Hello, Richard!
You wrote on Tue, 23 Aug 2005 06:47:33 GMT:

RB> Why on earth would you expect that? There is not a single cast in your
RB> program.
RB> Even supposing you mean converted rather than cast, yes, their values
RB> will, but only temporarily during the assignments. This has no
RB> influence on their actual sizes as objects.
Oops, I missed the terms. Converting != casting.
??>> while in debugger (exploring memory dump) I see these variables still
??>> occupy 2 bytes (i.e. 'short' type).

RB> Of course. You have explicitly asked for them to do so.

RB> That _the values of_ these shorts will then be converted to int before
RB> being added to one another and/or assigned to other objects (in the
RB> first case, being converted back to short before the assignment),
RB> doesn't change the size of the objects themselves.
Ok, I understood. In case of implicit type-casting - will it keep the object
size in memory ?
There is no implicit typecasting. You either cast or you don't.
Conversions can happen implicitly (without you doing anything about it)
or explicitly (with you casting).
Reread Richard's answer.

-Michael
With best regards, Roman Mashak. E-mail: mr*@tusur.ru

--
E-Mail: Mine is an /at/ gmx /dot/ de address.
Nov 15 '05 #5
Zoran Cutura wrote:
It's not the variables themselve that would get converted, but the
operands of the operation. Here even the operands do not have to be
converted because i and j are of the same integer type and the
+ operator doesn't require any special conversion.


It does require the Usual Arithmetic Conversions, which include integer
promotion. So i and j _do_ get promoted to int before the addition takes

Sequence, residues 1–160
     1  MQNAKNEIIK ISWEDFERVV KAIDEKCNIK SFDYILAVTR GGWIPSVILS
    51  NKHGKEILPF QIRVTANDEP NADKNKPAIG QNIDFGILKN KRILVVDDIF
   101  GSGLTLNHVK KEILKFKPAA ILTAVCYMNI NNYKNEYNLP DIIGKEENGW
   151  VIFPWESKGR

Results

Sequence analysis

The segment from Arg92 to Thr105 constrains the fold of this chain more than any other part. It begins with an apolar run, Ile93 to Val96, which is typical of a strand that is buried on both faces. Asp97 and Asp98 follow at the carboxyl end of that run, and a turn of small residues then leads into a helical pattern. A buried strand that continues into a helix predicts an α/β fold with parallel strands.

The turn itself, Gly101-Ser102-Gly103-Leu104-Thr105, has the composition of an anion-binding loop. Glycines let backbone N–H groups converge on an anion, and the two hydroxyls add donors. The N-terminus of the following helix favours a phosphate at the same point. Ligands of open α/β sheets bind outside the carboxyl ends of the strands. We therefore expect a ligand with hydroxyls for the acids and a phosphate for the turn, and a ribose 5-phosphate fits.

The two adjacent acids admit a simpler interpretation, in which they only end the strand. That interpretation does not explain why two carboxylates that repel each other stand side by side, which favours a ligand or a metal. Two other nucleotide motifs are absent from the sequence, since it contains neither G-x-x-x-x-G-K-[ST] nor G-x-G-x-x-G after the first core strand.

place.
Christian
Nov 15 '05 #6
Christian Kandeler <ch****************@hob.de_invalid> wrote:
Zoran Cutura wrote:
It's not the variables themselve that would get converted, but the
operands of the operation. Here even the operands do not have to be
converted because i and j are of the same integer type and the
+ operator doesn't require any special conversion.


It does require the Usual Arithmetic Conversions, which include integer
promotion. So i and j _do_ get promoted to int before the addition takes
place.

uuhuu ... I stand corrected. My brain seems to shrink an leave holes all
over.

Sorry for the incorrect explanation.

--
Z (zo**********@web.de)
"LISP is worth learning for the profound enlightenment experience
you will have when you finally get it; that experience will make you
a better programmer for the rest of your days." -- Eric S. Raymond
Nov 15 '05 #7
Michael Mair wrote:

Roman Mashak wrote:

Ok, I understood. In case of implicit type-casting
- will it keep the object size in memory ?


There is no implicit typecasting. You either cast or you don't.


Typecasting is something that happens to thespians.

http://www.m-w.com/cgi-bin/dictionary?va=typecasting

In C, a cast, is just called a "cast"

--
pete
Nov 15 '05 #8
Zoran Cutura wrote:
Note that the term "type-cast"
is used for explicit conversion of types
No, it isn't.
A type cast is an operator jsut like + or *,
and has a result.


It's just a "cast", not a "type cast".

There is no other kind of cast in C, such that the word "cast"
needs an adjective in front of it to distinguish it.

--
pete
Nov 15 '05 #9
pete wrote:
Michael Mair wrote:
Roman Mashak wrote:


Ok, I understood. In case of implicit type-casting
- will it keep the object size in memory ?


There is no implicit typecasting. You either cast or you don't.

Typecasting is something that happens to thespians.

http://www.m-w.com/cgi-bin/dictionary?va=typecasting

In C, a cast, is just called a "cast"


Argh. I was not aware of this -- seemingly there are enough like
me out there:
http://en.wikipedia.org/wiki/Typecast
I don't know where I picked it up but I guess it was around here;
so I use "to cast" for the action and "typecasting" as noun.
However, thank you :-)

Cheers
Michael
--
E-Mail: Mine is an /at/ gmx /dot/ de address.
Nov 15 '05 #10